Creole Hybridity in Literature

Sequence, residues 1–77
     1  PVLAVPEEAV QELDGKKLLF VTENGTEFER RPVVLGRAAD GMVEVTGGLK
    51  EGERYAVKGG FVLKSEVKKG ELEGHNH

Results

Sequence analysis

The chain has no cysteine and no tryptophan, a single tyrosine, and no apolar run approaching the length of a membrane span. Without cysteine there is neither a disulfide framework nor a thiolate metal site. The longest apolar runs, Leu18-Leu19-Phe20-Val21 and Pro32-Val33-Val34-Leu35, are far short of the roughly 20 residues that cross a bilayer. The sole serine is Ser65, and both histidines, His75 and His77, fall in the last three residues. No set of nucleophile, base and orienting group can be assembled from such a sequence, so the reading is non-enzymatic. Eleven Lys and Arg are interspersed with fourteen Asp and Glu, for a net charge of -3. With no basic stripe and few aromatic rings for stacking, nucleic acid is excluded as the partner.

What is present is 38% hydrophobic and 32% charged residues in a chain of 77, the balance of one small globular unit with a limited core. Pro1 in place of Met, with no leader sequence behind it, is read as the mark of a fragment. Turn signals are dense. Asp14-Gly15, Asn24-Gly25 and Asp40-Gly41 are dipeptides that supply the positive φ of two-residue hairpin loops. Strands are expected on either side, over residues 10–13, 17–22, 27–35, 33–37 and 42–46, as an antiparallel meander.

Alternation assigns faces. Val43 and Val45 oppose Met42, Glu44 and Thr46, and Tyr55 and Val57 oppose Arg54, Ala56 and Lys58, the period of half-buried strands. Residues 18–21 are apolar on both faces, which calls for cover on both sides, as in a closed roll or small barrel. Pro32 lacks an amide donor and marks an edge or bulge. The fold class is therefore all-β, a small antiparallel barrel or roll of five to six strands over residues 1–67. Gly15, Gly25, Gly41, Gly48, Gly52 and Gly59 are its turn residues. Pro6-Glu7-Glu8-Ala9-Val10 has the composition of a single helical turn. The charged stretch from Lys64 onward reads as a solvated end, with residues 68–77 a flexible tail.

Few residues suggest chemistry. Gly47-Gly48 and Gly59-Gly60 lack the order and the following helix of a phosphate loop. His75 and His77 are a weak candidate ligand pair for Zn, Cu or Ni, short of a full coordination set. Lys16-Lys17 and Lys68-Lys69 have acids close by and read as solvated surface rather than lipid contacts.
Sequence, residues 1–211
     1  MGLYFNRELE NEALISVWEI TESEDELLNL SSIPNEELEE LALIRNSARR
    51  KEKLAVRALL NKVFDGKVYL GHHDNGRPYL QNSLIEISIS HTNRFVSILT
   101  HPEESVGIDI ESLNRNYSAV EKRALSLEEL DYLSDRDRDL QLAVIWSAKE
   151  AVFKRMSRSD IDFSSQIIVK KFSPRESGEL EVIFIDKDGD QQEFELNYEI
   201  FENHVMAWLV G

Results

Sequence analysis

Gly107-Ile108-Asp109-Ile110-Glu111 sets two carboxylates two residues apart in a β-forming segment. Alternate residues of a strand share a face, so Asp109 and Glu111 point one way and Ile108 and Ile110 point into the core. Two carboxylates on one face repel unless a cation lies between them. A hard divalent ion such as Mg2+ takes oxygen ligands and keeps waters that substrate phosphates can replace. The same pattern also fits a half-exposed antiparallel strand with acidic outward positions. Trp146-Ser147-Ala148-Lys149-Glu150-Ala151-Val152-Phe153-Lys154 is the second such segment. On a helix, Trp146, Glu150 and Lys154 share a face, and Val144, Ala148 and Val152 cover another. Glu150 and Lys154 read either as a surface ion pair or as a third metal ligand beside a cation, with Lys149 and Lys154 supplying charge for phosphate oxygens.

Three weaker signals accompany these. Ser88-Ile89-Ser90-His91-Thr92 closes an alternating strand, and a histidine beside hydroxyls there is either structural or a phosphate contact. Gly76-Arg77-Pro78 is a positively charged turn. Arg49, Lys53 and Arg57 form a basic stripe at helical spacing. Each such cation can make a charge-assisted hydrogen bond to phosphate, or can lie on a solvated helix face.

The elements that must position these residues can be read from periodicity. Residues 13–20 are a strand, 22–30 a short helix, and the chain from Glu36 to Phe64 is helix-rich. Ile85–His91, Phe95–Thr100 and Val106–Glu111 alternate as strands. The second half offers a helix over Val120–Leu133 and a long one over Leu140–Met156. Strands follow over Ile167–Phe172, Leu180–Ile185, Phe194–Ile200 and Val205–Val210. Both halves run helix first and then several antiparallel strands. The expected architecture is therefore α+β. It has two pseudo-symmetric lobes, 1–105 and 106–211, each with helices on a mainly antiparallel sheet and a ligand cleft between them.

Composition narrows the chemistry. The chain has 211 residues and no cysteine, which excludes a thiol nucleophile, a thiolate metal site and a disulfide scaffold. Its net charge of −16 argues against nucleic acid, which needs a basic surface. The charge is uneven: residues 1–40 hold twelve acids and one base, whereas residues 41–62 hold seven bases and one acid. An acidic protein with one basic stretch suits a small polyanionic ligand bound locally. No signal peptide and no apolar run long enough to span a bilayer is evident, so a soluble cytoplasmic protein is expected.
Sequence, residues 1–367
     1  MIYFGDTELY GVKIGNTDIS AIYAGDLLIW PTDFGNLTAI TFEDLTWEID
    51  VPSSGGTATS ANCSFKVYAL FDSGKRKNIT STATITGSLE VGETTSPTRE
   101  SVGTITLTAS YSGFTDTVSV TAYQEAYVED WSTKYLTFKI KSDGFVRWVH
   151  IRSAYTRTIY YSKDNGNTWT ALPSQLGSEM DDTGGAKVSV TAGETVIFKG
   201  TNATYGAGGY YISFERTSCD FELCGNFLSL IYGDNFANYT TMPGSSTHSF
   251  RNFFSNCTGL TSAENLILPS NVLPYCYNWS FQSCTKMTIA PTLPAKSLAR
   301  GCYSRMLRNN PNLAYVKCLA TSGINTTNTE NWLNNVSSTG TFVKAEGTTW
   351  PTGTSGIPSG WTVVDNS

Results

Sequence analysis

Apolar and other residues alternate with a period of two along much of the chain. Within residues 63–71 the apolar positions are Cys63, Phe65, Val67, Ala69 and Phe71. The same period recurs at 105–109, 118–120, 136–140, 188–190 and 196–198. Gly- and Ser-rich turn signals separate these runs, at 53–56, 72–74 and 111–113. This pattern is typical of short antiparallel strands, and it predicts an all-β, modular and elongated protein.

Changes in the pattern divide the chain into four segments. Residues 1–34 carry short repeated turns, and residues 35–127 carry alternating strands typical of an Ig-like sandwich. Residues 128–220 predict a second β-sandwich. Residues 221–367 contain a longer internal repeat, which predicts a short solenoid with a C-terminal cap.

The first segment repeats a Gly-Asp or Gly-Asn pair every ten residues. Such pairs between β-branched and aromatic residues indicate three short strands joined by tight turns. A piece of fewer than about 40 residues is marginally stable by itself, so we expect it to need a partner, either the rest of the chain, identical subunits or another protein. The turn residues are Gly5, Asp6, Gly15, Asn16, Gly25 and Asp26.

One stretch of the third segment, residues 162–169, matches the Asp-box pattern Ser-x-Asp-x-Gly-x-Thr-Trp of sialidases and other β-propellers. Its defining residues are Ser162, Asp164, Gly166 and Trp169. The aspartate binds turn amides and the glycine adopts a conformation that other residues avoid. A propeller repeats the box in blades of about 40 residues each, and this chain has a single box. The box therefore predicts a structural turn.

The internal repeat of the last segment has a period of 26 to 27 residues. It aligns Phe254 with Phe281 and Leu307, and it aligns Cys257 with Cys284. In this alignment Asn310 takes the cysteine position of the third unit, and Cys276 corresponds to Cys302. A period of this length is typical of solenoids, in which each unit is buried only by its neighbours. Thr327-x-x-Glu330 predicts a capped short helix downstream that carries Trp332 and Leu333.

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Jamaican patois is not an official language, which is the same for most if not all languages are not, although recently, there are some creole dictionaries and Haitian Creole is being taught in schools. People tend to have a negative perception of a creole and thus, the people who speak and chose to write in this creole language are often lumped into a box. There is a stigma attached to it, and people often say that it is the language of the poor lower class of the country. Growing up in St. Lucia, I saw how this is true, people are often embarrassed by their parent who spoke creole, or they as children where forbidden to speak creole as to avoid being stereotyped. The language expresses the history of the Caribbean and the hybridity that emerges through language. In the diaspora, people depend on creating a space of “home” in the host country and language is an important part of this space. The connection immigrants feel when they come into contact with literature that features a language of their native homeland offers them their own space in the literary world, and a way for their stories to be told. The writers and people who use creole are confirming their identities as a merger of multiple influences. They use the language despite the stigma and fight to maintain the culture by doing so—language is part of one’s identity. “Wordy, Worldly Women Poets: Louise Bennett, Lorna Goodison and Olive Senior,” by Denise deCaires Narain, discusses the styles of three
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